In college my favorite book of poetry was Crow. Brash, bold, and more than a little vulgar, Ted Hughes’ verse struck me as both smart and raw. I hadn’t yet gotten his biography (or read Sylvia Plath) so Crow stood on its own a testament to …something, something the collegiate fool I was found appealing.
Rereading it now meant knowing about Hughes’ complicated life and bringing my own middle aged sensibilities to the reading (a part of those informed by teaching The Bell Jar for years as a high school English teacher and coming of literary age at a time when Hughes, whose second wife took her own life in the same way Plath did after Hughes left her, was considered by some a pariah).
That didn’t stop me from using “King of Carrion” in my first teaching job, pairing it with John Gardner’s Grendel and a handful of other dark texts in a Senior English class. The epic quality of Crow resonated with the material at hand, and even out of context “King of Carrion” squawked true.
His palace is of skulls.
His crown is the last splinters
Of the vessel of life.
His throne is the scaffold of bones, the hanged thing’s
Rack and final stretcher.
His robe is the black of the last blood.
His kingdom is empty-
The empty world, from which the last cry
Flapped hugely, hopelessly away
Into the blindness and dumbness and deafness of the gulf
Returning, shrunk, silent
To reign over silence.”
…and while that wasn’t really about Grendel…
I still thank Hughes for the discussions that filled my first classroom.
But Truth is something slippery in poetry, and slipperier yet in Crow, which ricochets between reality, religion, and a mythos of its own. Often that Crow mythology alludes to Biblical or classical traditions, and sometimes resonates with imagery more indigenous or aboriginal, as in “Crow Alights” in which:
Crow saw the herded mountains, steaming in the morning.
And he saw the sea
Dark-spined, with the whole earth in its coils.
He saw the stars, fuming away into the black, mushrooms of the nothing forest, clouding their spores, the virus of God.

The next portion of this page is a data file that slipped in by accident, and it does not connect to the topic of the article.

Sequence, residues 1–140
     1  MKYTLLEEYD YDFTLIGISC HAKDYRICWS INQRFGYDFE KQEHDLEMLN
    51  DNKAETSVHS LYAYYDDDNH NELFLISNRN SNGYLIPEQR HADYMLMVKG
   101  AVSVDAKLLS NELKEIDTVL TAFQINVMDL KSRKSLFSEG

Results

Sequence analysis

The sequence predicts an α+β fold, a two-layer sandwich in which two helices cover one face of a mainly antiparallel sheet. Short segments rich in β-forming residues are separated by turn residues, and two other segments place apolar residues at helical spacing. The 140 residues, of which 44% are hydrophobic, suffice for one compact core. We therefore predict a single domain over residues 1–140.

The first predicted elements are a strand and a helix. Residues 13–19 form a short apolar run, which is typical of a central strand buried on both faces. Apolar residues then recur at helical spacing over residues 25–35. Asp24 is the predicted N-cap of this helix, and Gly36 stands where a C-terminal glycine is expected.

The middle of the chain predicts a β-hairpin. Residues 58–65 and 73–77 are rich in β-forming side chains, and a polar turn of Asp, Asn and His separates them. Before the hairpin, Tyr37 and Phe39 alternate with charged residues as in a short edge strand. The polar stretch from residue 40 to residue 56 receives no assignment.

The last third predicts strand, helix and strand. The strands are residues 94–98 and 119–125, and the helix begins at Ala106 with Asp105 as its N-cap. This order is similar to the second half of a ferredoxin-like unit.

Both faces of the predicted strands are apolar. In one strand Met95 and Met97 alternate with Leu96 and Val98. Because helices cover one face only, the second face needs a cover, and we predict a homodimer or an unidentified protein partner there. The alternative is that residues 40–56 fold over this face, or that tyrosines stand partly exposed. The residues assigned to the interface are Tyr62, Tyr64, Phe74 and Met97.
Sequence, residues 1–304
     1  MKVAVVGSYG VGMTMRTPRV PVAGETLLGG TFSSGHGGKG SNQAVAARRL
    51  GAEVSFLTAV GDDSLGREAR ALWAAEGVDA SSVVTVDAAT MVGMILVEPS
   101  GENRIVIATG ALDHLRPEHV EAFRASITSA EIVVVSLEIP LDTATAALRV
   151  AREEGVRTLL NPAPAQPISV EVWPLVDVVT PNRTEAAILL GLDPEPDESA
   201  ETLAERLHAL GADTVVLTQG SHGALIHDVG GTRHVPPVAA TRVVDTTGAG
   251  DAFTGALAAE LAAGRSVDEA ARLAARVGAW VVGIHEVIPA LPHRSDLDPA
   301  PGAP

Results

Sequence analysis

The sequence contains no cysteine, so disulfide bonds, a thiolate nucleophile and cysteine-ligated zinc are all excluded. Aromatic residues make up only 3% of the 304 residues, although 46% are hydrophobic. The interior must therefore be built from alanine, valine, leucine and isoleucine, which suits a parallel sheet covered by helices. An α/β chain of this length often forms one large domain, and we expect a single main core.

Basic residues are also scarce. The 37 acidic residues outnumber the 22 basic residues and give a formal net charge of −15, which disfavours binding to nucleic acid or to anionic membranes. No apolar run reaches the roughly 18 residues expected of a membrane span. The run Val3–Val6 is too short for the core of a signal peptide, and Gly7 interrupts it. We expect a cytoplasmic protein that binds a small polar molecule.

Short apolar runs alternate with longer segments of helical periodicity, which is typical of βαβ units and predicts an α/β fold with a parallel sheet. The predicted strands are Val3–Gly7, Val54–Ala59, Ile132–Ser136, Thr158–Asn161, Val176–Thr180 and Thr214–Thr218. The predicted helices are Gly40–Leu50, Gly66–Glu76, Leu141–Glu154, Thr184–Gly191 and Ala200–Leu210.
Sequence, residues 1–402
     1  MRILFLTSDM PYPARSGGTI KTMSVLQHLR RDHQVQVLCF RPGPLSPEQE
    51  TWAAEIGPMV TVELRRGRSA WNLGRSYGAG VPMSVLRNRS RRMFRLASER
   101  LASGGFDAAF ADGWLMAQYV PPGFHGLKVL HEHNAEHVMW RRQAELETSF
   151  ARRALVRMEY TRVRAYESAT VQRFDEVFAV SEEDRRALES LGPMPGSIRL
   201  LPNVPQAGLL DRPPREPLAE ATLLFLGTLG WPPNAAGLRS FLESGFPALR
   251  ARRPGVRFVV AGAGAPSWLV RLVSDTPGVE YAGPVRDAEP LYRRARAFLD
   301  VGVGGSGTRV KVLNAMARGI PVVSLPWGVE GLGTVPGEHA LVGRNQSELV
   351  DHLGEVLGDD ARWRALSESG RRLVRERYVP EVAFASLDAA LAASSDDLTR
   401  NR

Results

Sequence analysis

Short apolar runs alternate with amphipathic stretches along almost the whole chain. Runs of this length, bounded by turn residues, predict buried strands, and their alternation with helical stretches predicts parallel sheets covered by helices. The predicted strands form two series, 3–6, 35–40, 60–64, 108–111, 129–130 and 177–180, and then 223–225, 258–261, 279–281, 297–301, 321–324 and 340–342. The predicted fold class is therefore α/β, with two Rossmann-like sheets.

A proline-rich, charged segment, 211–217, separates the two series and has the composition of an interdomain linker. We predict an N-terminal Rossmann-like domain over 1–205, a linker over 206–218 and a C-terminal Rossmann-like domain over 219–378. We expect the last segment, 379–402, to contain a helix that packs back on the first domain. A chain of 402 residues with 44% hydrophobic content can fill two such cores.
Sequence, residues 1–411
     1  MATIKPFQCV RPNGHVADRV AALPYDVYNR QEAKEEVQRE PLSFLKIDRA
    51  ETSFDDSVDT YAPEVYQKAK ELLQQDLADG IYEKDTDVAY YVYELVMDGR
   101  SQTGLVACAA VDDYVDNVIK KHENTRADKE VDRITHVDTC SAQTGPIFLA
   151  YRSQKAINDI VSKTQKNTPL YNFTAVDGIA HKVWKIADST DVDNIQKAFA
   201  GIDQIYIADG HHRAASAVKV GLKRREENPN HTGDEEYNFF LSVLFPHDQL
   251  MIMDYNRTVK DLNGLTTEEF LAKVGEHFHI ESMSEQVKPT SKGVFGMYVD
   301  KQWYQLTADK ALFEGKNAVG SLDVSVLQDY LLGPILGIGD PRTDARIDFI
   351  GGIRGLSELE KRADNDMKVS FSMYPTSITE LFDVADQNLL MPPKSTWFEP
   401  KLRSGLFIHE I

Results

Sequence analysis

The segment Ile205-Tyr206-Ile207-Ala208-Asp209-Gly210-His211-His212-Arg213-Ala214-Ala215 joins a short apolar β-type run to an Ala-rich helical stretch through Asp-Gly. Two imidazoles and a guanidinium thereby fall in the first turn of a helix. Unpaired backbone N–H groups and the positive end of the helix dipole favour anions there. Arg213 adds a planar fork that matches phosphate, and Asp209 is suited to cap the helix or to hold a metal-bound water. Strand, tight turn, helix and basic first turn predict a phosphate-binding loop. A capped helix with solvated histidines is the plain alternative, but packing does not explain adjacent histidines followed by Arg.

And he shivered with the horror of Creation.”
Like the trickster of Native American Lore, Crow inhabits a mythic place, cavorting with God and man, and some ambiguous poetic realm in between. In “Crow’s Account of the Battle” Hughes offers a commentary of conflict as real in the Vietnam War era in which he wrote the poem, war today, or when Richard fell at Bosworth Field.
There was this terrific battle.
The noise was as much
As the limits of possible noise could take.
There were screams higher groans deeper
Than any ear could hold.
Many eardrums burst and some walls
Collapsed to escape the noise.
Everything struggled on its way
Through this tearing deafness
As through a torrent in a dark cave.
The cartridges were banging off, as planned,
The fingers were keeping things going
According to excitement and orders.
The unhurt eyes were full of deadliness.
The bullets pursued their courses
Through clods of stone, earth, and skin,
Through intestines pocket-books, brains, hair, teeth
According to Universal laws
And mouths cried “Mamma”
From sudden traps of calculus,
Theorems wrenched men in two,
Shock-severed eyes watched blood
Squandering as from a drain-pipe
Into the blanks between the stars.
Faces slammed down into clay
As for the making of a life-mask
Knew that even on the sun’s surface
They could not be learning more or more to the point
Reality was giving its lesson,
Its mishmash of scripture and physics,
With here, brains in hands, for example,
And there, legs in a treetop.
There was no escape except into death.
And still it went on–it outlasted
Many prayers, many a proved watch
Many bodies in excellent trim,
Till the explosives ran out
And sheer weariness supervened
And what was left looked round at what was left.
Then everybody wept,